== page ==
Universities say student cheating exploding in Covid era

Institutions respond with both electronic crackdowns and pedagogical soul-searching

December 23, 2020
Caught short cheating should be met with reflection rather than surveillance, say experts
Source: Alamy
Caught short cheating should be met with reflection rather than surveillance, say experts

Universities worldwide have reported a spike in student cheating during the coronavirus-driven shift to online tuition, sparking calls for a fundamental rethinking of what exactly should be taught and assessed.

The base-level problem, several experts said, was that the sudden shift to virtual environments rapidly increased student stress levels while multiplying their opportunities for furtively answering test questions with online assistance.

In Canada, the University of Waterloo counted 1,340 incidents of cheating in the year ending this August, up 146 per cent on the previous 12 months. The University of Calgary said that cases of cheating had increased by 269 per cent, with most of the cases occurring after the onset of the pandemic in March. The institution attributed much of the rise to “a combination of lack of clarity for students in what was permissible in online assessments and opportunities to easily share information through commercial file-sharing sites and group chat applications”.

In Australia, Queensland University of Technology said in September that test-related cheating had quadrupled. Rates doubled at the University of Houston, one of several Texas institutions encountering large jumps this autumn.

In the UK, the Quality Assurance Agency reported that Covid-19 had “accelerated” the growth of contract cheating, with 904 essay mills providing ghost-written texts now known to be operating in the country.

“Academic misconduct is not a micro-problem, it’s not even a macro-problem – this is a mega-problem,” said Sarah Eaton, an associate professor of education at Calgary and a programme organiser with the International Center for Academic Integrity. “This is rippling across the globe right now.”

Yet for Dr Eaton and other experts, institutional responses may prove even more troubling. Many universities have embraced electronic surveillance tools to fight back, which in turn were sparking protests from students, outside experts and lawmakers.

Software solutions, several US senators wrote this month to three leading companies selling online monitoring tools to universities, “fall heavily on vulnerable communities and perpetuate discriminatory biases”.

A rights group, the Electronic Privacy Information Center, filed a legal complaint this month with city officials in Washington DC, accusing five test-monitoring companies of illegally collecting personal student data and using vague and unproven techniques for catching alleged cheaters.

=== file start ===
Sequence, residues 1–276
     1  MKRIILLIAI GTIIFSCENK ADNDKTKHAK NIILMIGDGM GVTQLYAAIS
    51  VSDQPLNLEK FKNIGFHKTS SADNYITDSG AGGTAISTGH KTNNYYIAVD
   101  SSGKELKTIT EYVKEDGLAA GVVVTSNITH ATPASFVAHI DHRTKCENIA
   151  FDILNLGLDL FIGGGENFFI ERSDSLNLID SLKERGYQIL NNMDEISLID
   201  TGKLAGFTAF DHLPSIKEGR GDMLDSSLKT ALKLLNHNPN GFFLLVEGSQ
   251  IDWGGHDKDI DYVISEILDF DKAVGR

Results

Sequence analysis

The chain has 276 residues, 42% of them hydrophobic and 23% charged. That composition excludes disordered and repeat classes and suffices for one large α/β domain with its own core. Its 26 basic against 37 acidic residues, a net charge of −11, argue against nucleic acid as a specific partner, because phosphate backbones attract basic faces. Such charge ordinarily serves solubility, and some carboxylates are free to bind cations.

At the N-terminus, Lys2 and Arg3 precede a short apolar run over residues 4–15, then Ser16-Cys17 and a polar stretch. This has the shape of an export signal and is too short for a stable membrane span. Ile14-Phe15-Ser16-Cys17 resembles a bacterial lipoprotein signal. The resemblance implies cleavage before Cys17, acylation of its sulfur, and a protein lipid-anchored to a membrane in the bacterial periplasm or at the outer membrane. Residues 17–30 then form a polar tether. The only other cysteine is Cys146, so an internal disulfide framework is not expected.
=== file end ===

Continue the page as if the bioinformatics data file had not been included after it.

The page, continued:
Better responses, experts said, required profound reconsiderations of what faculty most needed to teach in a modern interconnected and information-bathed world, and of how their student assessments could best measure those skills.

At a minimum, said Camilla Roberts, director of honour and integrity systems at Kansas State University, improvement means such practices as using fewer “high-stakes exams” and more regular quizzes and assignments.

Some faculty are taking on the challenge, said Dr Roberts, the president of the International Center for Academic Integrity, a grouping of higher education leaders focused on issues surrounding academic dishonesty. At Kansas State, she said, “the pandemic has brought the conversation to the forefront”.

Dr Eaton's methods include oral assessments on Zoom. “I bring them in, and look them in the eye,” to learn exactly where each student is doing well or struggling, she said.

“I can figure out in five to 10 minutes what they know and what they don’t know,” she said. “I don’t need to give them a multiple-choice exam, where they’re going to go to Google, and probably not learn the material.”

In many cases, experts said, students weren’t even clear they were cheating, since they’ve grown up with the expectation that they can use the internet to find answers. Publicised cases include a student at Texas A&M University who pleaded for forgiveness after believing he was allowed to use online resources.

“One of the questions I ask my colleagues is: ‘Why are we still doing the same assessments that they gave them in the sixth century’” in China, Dr Eaton said. “We’re better than that, and yet profs keep doing the same damn thing over and over and over.”

The added stresses of the sudden shift to online were clearly part of why so many more students appeared to be cheating, said Amanda McKenzie, director of academic quality assurance at Waterloo.

Many students felt uncomfortable with online classes, didn’t have safe and reliable environments in which to study, and faced professors who may be even more hostile towards the format, she said.

While some institutions reach for “a quick fix to maintain academic integrity” in the form of online monitoring tools, Ms McKenzie said, they instead should be responding with compassion and reflection on their overall approach to modern education.

“It’s a growth moment,” she said. “The opportunity in this moment is to really dig at the deeper learning.”

paul.basken@timeshighereducation.com

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